Among those speaking to the rookies Tuesday was former Giants and Steelers receiver Plaxico Burress, released from prison this month after spending nearly two years in jail on a weapon possession charge.

"Plaxico spoke candidly about the impact of personal decisions on a professional career," Atallah said.

Bills rookie defensive back Aaron Williams found Burress' presentation impressive.

"He's a phenomenal guy," Williams said. "It's a very strong message for everybody. It lets you know that one bad decision can cost everything. It takes a long time to get a reputation, but it's really quick to lose one."

Hall of Fame defensive end Carl Eller spent years crafting his reputation and this spring he fronted a group of retirees that sought and eventually won the right to join the current players' legal fight.

Eller has been actively trying to organize and unite retired players in a quest to secure better benefits and medical care from the league.

Eller and his attorneys were part of the court-ordered mediation sessions -- six days, in all -- in Boylan's chambers in April and May, and Eller met with Goodell and some owners in Chicago earlier this month.

Shawn Stuckey, one of the attorneys for Eller's group, said the retirees, while trying to be patient, also have been disappointed to not be more involved, citing the ruling by U.S. District Judge Susan Richard Nelson that the two cases be combined.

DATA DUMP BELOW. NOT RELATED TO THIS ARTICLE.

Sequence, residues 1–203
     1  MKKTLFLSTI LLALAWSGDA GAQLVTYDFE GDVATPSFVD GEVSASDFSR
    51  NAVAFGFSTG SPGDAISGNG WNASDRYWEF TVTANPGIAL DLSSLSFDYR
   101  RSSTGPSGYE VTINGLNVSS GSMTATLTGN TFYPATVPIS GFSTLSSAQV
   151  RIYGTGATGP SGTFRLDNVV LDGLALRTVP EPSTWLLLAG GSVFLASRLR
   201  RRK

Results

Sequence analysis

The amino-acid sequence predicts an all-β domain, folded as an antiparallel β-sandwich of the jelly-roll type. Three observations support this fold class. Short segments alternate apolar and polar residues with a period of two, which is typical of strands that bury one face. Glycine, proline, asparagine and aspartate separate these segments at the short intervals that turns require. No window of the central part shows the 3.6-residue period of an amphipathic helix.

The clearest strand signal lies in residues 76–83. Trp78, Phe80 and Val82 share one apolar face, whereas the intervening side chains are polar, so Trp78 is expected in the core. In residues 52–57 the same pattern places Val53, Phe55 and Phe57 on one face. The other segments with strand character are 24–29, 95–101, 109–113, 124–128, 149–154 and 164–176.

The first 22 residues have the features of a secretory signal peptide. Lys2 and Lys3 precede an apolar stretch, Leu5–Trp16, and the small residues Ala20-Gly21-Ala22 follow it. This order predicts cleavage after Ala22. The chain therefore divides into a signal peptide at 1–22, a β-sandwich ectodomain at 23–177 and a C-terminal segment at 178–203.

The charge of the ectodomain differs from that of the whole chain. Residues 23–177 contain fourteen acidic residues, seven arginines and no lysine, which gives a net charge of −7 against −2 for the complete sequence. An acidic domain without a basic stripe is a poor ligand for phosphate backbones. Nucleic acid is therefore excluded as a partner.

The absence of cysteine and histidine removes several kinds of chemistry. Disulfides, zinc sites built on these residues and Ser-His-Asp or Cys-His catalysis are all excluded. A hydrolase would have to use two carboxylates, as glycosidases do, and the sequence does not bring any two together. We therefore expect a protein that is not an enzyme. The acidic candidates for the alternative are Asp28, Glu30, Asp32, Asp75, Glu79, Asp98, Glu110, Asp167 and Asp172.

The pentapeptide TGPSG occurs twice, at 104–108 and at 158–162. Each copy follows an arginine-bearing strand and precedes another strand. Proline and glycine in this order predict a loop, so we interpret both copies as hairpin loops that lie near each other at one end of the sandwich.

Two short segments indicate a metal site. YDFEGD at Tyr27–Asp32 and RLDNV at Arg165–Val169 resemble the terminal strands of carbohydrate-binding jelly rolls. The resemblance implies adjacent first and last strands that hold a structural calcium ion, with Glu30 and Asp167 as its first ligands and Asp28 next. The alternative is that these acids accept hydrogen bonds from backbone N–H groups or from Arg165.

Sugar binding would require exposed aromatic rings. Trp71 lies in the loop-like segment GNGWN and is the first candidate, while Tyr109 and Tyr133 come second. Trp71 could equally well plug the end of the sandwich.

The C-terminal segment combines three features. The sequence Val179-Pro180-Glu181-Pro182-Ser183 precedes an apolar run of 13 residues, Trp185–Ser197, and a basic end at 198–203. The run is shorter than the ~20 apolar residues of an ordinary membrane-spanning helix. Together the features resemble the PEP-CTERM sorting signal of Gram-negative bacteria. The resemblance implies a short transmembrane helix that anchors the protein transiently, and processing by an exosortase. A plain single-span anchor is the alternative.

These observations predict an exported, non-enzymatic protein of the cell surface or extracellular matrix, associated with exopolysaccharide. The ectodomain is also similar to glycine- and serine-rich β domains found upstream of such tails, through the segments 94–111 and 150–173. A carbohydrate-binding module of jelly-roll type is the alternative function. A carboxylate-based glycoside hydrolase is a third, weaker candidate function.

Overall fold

"We want football, and we want this to come to an amicable resolution," Stuckey said. "We don't want to be in the way of an agreement. We're well within our rights to object and say these mediation sessions are not consistent with what Judge Nelson ordered. However, we feel one of the best ways to get a resolution is to let the active players reach a resolution, and then we can reach a resolution on our issues."

Stuckey indicated, however, that Eller's group doesn't want to be left out.

"If the active players and the league are serious about getting football under way soon, they've got to start negotiating with the retirees. Even the slight chance that the season could be delayed should be sufficient enough to motivate those guys to work with the retirees, if they're serious about actually getting football played and getting it played fast."

Information from The Associated Press was used in this report.